Despite these mea culpas, U.S. planners may be making a similar mistake in assuming that the tribal networks can be rebuilt quickly. U.S. officials believe that Sunni support has been galvanized by the removal of polarizing Prime Minister Nouri al-Maliki, a Shiite. That’s true, but fighting the jihadists will be a long uphill road. Research documenting the Islamic State’s onslaught was compiled by Craig Whiteside, a former Army officer who fought in Iraq and now teaches at the Naval War College. By his count, at least 1,345 Awakening members have been killed in Iraq since 2009 by the Islamic State or its predecessor organizations. “In the Sunni areas where the Iraqi government had little control, it did not take long for the Islamic State to slowly and methodically eliminate resistance one person at a time,” he writes in a military blog called “War on the Rocks.”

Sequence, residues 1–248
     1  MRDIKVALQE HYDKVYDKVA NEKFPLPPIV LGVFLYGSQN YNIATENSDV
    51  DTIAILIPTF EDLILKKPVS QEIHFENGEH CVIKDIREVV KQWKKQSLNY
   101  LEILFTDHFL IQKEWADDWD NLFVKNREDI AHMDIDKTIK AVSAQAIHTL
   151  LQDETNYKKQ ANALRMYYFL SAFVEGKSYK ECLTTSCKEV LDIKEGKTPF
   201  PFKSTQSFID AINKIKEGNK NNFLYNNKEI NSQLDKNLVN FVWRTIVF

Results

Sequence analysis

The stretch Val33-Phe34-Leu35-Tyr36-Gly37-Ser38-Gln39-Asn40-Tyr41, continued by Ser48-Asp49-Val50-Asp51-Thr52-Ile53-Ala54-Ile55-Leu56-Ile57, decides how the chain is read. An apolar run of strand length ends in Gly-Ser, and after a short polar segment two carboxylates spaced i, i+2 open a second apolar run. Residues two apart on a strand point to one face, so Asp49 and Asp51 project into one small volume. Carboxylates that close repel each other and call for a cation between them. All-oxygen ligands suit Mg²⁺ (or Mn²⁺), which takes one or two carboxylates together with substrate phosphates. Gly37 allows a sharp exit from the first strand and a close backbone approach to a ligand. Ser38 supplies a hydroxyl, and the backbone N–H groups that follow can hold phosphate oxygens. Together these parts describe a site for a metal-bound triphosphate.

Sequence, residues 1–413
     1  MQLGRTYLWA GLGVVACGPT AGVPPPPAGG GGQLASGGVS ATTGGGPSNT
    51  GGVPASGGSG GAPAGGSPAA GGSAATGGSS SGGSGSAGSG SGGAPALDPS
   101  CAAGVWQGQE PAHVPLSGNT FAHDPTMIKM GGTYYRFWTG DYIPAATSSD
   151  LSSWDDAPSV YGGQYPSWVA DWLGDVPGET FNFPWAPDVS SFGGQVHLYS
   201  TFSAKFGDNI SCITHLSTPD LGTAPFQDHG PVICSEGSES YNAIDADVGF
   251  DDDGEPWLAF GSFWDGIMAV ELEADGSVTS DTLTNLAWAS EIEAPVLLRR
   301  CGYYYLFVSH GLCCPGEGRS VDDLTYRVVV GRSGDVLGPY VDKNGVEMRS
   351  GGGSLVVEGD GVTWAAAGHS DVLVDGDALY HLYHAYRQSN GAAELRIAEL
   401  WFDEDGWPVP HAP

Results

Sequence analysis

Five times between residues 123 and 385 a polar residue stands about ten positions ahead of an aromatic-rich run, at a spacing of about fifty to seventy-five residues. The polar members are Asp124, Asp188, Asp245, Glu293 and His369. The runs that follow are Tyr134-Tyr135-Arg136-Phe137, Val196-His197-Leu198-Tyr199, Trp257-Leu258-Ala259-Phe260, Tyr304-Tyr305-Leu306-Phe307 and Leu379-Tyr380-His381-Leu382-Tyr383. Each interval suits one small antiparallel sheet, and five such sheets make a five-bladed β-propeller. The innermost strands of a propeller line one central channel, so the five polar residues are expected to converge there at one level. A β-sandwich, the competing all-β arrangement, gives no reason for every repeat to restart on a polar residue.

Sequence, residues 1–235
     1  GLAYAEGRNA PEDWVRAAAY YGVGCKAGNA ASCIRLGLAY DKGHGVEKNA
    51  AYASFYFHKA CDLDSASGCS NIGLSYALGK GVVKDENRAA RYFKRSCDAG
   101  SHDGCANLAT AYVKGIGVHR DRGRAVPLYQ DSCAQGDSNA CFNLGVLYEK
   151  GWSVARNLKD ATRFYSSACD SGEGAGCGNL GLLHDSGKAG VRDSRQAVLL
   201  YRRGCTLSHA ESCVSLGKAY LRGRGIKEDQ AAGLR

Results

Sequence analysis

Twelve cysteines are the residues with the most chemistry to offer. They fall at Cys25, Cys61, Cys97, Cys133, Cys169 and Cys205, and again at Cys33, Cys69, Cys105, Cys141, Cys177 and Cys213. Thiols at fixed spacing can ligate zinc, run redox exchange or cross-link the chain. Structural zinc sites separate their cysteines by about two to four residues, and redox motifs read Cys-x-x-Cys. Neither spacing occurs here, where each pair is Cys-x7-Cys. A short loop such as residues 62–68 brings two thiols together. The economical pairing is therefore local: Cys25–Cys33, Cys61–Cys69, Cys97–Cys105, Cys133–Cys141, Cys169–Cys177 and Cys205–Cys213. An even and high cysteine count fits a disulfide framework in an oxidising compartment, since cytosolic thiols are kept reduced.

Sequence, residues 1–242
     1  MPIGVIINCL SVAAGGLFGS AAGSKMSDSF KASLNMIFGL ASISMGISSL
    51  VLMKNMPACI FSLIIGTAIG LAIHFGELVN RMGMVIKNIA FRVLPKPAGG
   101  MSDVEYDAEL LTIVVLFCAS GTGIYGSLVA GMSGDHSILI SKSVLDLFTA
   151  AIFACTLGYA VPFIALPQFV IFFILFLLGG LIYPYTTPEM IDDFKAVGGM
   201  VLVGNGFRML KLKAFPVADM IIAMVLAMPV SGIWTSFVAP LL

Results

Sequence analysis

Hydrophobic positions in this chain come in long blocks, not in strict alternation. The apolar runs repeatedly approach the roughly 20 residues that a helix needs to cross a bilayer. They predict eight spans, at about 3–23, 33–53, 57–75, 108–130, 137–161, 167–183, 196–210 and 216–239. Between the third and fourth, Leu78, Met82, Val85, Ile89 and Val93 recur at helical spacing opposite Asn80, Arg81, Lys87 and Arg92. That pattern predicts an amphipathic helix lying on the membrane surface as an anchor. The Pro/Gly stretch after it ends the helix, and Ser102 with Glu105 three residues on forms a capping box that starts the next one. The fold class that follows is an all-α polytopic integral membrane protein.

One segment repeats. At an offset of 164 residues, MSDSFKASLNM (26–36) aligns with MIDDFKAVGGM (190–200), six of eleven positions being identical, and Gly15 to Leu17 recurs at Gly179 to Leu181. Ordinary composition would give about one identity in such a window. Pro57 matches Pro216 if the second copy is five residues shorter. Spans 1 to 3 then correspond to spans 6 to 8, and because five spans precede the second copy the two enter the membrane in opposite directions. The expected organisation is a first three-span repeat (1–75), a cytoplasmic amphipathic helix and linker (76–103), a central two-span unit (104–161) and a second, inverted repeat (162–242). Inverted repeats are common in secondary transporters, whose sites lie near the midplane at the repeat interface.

Whiteside cites the example of the strategic town of Jurf al-Sakhar, south of Baghdad. Between 2009 and 2013, 46 Awakening members were killed in 27 different incidents there. The dead included four sheiks from the local Janabi tribe. Similar killings across Sunni areas of Iraq “were barely noticed by the Iraqi government or in the media,” Whiteside writes. The jihadists documented their assassination campaign in a grisly video called “The Clanging of the Swords,” which Whiteside cites in his report. Watching the video, you see a series of drive-by assassinations, accompanied by heroic Islamic music, as Islamic State fighters gun down selected vehicles on the road or pedestrians on the streets. “The hungry lions chase their prey,” says an Arabic narrator, whose words are translated into English. It’s clear that the assassins’ intelligence is precise. The Islamic fighters also targeted Iraqi police and army units in Sunni areas and Baghdad itself, starting more than two years ago. Islamic State communiques released in February 2013 claimed that in the second half of 2012, the group conducted 37 attacks in Baghdad and 43 assassinations in other areas of Iraq. U.S. analysts failed to see this gathering storm. As its campaign against the Sunni tribal forces gained momentum in 2012 and 2013, the Islamic State began offering amnesty to Sunnis who had been part of the Awakening militia or the Iraqi security forces. The jihadist video shows scores of Sunnis experiencing “the joy of repentance” in an auditorium in Anbar. They recite a pledge of penitence together and then embrace masked jihadists on stage, one by one.